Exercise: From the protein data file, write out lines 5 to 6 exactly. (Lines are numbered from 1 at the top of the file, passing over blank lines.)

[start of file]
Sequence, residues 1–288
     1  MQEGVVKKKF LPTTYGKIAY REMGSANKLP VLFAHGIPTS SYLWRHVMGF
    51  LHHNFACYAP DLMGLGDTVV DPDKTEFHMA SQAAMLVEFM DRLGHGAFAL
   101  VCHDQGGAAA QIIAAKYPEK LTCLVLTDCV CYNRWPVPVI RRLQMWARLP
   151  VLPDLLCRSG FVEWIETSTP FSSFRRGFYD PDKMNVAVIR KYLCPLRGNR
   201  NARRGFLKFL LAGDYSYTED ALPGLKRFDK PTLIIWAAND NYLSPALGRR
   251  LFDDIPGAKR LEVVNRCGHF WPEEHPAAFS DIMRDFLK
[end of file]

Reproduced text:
   151  VLPDLLCRSG FVEWIETSTP FSSFRRGFYD PDKMNVAVIR KYLCPLRGNR
   201  NARRGFLKFL LAGDYSYTED ALPGLKRFDK PTLIIWAAND NYLSPALGRR